Physical-chemical mechanics of disperse systems and by Shchukin, Evgeniĭ Dmitrievich; Zelenev, Andrei S

By Shchukin, Evgeniĭ Dmitrievich; Zelenev, Andrei S

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17). In this method, the weight of a droplet separating from a pipette tip with a radius r 0 is determined by direct weighing of 50–100 droplets, and the surface tension is estimated from the relationship mg = 2πr 0 σ. 16 Schematic illustration of Du Noüy ring detachment method. 17 Schematic illustration of drop weight method. © 2016 by Taylor & Francis Group, LLC 16 Physical-Chemical Mechanics of Disperse Systems and Materials surface tension, because a drop separating from a pipette tip has a rather complex geometry and the separating droplet is often accompanied by several smaller ones, the so-called satellite droplets.

Before we start addressing the experimental estimation of the interaction free energy in the contact, –Δσf(h 0) = F, it is worthwhile to compare the role that forces of various nature play in the contact interactions. Depending on the nature of the matter, the cohesive forces can be ionic, covalent, metallic, or molecular. Molecular forces can in turn be subdivided into orientation forces (between molecules containing rigid dipoles), induction forces (between a dipole and a polarizing molecule), and dispersion forces (between molecules that do not have permanent dipole moments, but that can polarize each other).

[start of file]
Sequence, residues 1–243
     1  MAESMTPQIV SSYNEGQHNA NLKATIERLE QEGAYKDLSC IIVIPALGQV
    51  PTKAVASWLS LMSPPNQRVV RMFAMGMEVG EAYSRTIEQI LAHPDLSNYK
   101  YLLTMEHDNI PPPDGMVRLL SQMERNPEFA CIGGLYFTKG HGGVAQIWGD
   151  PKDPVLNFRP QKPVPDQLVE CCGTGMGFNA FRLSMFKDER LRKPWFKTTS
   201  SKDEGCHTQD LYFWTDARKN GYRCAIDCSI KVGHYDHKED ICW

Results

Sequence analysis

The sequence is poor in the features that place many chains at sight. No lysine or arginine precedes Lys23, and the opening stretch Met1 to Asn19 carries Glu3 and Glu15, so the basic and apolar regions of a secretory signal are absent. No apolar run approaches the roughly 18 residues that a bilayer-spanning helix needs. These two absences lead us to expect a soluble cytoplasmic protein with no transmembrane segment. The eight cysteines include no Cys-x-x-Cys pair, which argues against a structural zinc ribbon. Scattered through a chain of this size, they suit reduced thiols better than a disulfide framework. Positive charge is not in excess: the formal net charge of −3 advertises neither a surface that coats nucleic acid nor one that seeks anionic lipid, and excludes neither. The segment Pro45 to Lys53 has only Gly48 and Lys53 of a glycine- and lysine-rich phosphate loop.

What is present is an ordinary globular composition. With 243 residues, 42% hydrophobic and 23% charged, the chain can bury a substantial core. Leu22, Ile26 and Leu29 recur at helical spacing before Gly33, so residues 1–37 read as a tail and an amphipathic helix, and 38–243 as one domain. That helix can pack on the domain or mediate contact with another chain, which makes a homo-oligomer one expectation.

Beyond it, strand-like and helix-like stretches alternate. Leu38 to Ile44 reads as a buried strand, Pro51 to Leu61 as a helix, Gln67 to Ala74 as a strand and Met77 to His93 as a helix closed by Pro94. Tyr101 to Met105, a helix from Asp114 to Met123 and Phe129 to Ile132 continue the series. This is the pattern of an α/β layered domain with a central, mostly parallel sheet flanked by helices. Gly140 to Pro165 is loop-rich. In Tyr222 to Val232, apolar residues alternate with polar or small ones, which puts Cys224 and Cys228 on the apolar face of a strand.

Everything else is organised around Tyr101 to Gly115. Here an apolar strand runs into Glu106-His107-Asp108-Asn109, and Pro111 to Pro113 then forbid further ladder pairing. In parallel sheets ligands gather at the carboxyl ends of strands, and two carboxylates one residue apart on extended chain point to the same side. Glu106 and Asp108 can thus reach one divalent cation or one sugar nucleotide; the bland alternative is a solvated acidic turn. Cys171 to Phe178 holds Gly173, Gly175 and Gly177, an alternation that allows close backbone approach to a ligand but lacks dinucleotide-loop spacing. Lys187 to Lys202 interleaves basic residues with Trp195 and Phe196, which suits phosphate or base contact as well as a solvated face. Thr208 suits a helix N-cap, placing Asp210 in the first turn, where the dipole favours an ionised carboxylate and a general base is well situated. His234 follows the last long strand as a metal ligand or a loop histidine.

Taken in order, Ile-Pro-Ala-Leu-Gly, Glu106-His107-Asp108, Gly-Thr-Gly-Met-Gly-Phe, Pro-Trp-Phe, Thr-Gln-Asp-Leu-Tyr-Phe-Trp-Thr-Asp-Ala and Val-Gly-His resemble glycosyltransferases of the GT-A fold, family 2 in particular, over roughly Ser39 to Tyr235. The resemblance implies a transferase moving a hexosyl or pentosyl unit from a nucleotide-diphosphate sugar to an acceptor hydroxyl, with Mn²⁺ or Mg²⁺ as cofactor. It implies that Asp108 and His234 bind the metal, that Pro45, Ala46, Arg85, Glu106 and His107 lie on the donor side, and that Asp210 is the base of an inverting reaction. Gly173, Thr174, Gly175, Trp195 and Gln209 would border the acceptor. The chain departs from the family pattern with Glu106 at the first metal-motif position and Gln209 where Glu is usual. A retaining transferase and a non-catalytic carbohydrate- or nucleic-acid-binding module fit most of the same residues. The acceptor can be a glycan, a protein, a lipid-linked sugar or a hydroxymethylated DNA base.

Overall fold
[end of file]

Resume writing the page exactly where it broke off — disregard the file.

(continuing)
A very important application of nonwetting is the attachment of rock particles to air bubbles in flotation. 11 and will be discussed in more detail in Chapter 2. 10 The effect of surface roughness on wetting. 11 Nonwetting during the elementary act of flotation. © 2016 by Taylor & Francis Group, LLC H 12 Physical-Chemical Mechanics of Disperse Systems and Materials Finally, let us briefly address some of the principal methods that are used to measure surface tension (free surface energy) in liquids.

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